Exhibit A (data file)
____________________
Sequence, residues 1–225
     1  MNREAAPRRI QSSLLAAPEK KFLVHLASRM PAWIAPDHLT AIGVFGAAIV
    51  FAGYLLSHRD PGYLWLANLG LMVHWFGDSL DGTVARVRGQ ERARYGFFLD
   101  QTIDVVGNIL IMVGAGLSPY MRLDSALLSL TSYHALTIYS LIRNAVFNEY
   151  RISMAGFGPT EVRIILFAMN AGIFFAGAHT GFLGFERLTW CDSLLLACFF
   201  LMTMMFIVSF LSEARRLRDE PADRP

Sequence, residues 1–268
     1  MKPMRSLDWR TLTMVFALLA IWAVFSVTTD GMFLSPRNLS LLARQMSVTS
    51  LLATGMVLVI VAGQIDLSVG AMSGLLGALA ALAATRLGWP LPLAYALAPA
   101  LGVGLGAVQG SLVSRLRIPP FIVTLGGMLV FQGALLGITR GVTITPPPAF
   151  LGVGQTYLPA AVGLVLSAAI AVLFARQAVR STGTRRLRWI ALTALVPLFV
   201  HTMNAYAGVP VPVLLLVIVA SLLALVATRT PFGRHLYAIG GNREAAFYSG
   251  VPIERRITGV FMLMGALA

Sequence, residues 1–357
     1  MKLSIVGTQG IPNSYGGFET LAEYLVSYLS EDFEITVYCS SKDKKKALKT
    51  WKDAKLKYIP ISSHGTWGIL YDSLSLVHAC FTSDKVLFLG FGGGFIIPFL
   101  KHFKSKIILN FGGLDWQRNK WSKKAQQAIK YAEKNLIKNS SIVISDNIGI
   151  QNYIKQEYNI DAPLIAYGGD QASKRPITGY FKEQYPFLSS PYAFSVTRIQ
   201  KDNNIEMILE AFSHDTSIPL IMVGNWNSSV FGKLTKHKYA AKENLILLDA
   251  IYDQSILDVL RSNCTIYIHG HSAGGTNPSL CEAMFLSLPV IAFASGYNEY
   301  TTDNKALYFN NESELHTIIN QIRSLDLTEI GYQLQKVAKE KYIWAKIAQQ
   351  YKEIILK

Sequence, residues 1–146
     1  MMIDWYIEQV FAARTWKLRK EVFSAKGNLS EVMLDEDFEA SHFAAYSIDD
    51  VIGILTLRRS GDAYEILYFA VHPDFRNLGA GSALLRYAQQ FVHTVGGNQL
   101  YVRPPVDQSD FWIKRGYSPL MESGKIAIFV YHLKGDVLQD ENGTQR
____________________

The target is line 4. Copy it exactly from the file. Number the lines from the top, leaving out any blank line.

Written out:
   101  QTIDVVGNIL IMVGAGLSPY MRLDSALLSL TSYHALTIYS LIRNAVFNEY